The good news (and it’s pretty good!): The skin biopsy confirmed (or at least strongly indicated) that this problem is a reaction to some medication that I take/took and not a weird, undiscovered disease. In addition to that evidence, a kind reader of these blogs sent me some information that indicates a very few kidney transplant recipients have had this sort of reaction when they take Rapamune. (As indicated in a previous post, I stopped taking Rapamune about a month ago.) The information also indicates that it may take 3 to 6 months after stopping the Rapamune, as opposed to a couple of weeks, before it gets better. If I understand it correctly, something bad happens (for lack of a more medical-sounding phrase) to the lymphatic system, but most of the people did eventually get better. So, hopefully I am on the right track and will see some results in the next couple of months. Also, my doctor has given up on Vanderbilt and is sending me instead to a kidney specialist in St. Louis at Barnes Hospital. I now have an actual appointment, and it is in mid-June.
In the meantime, I’ve grown to love my big fat purple swollen parts. I’ve named my abdomen “Big Lenny” and my leg and foot “Jake and the Fatman.” I’m also keeping busy corrupting my toddler daughter in the following ways:
- Teaching her to sing “The Boys Are Back in Town” – she insisted on listening to it three times in a row today on the way to daycare
- Teaching her to put her hands in the air and say (with a terrible and probably offensive Italian accent), “It happens!” whenever something bad occurs, such as a drink spill. I look forward to hearing that she has done this at daycare at the appropriate time of spillage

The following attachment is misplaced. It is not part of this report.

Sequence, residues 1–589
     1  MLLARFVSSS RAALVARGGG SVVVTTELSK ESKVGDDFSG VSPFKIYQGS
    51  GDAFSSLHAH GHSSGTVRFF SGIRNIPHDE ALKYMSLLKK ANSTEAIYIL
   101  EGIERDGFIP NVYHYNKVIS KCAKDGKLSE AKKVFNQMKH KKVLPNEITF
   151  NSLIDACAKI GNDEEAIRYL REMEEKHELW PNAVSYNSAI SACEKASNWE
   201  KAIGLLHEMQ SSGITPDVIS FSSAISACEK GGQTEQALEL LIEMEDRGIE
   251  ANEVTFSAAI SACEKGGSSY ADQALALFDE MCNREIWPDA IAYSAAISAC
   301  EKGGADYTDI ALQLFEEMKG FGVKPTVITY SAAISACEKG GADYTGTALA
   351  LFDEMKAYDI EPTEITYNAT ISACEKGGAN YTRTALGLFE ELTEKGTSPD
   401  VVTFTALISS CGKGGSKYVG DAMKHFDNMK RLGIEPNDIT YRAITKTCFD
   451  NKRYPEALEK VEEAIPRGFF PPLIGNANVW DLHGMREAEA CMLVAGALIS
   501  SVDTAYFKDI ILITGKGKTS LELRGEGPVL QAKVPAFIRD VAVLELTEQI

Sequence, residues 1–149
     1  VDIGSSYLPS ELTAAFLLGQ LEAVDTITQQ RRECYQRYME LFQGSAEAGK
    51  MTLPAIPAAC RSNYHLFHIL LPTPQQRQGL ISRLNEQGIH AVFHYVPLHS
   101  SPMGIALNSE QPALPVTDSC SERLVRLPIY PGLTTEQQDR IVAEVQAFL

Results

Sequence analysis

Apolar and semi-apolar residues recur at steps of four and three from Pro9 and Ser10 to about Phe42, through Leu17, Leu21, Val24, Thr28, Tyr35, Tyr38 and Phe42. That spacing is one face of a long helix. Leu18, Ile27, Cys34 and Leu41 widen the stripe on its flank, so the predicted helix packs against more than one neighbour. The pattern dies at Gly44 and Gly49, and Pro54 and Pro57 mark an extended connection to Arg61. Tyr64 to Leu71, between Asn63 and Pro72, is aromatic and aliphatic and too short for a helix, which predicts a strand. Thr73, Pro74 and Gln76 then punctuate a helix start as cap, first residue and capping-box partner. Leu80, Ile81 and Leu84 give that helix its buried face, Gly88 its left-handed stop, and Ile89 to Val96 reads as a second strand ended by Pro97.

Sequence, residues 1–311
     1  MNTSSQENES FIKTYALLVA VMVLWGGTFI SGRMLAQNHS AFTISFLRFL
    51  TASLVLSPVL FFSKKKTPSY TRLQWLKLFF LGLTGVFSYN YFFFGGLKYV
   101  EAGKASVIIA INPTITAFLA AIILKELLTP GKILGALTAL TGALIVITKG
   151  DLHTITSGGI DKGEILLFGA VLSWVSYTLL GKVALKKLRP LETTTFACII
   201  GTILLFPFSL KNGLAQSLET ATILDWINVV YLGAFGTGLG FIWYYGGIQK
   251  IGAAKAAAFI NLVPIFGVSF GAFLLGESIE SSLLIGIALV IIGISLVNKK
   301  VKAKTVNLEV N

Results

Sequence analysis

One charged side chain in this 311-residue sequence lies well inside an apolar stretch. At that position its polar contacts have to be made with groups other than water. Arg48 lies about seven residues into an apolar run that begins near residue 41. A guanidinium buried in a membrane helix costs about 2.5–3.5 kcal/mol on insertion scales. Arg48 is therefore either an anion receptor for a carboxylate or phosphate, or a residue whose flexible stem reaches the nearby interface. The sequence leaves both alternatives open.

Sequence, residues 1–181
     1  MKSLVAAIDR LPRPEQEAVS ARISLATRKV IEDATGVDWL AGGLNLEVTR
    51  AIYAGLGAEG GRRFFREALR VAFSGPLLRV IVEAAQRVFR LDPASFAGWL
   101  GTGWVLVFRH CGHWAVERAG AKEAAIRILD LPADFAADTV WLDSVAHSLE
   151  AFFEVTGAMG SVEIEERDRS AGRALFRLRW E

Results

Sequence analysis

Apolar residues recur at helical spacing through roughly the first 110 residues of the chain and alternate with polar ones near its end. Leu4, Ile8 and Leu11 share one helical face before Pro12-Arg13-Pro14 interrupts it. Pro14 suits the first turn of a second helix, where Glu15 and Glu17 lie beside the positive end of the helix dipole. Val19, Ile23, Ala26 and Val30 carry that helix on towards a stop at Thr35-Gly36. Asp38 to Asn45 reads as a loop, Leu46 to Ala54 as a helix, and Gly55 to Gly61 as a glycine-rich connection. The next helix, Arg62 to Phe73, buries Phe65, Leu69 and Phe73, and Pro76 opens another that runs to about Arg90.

- Watching “Whammy!” on the Game Show Network whenever possible. I’m wondering if she’s the only two-year-old in the nation who says (in her best game show announcer voice), “It’s TOOOODDDDD NEWTON!”
Thanks again to family/friends/readers who have been so supportive. This is especially true of my wife, Allison, who continues to handle the stress of this situation like a trooper. I’ll keep you posted. Anyone who doubts that can just take a closer peek at my blog and the ridiculous fact that there are now NINE posts on this subject. Sheesh, when will it ever end?? Madness, I tell you. Finally, anyone who has been wondering what I look like as a purple, swollen version of my old self, here you go, but it’s not pretty:
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Tags: blood soaked doctor, Boys Are Back in Town, for whom the swell tolls, Todd Newton, Vanderbilt where have you gone, Whammy
Categories : family, health, humor, humour, kidney transplant, life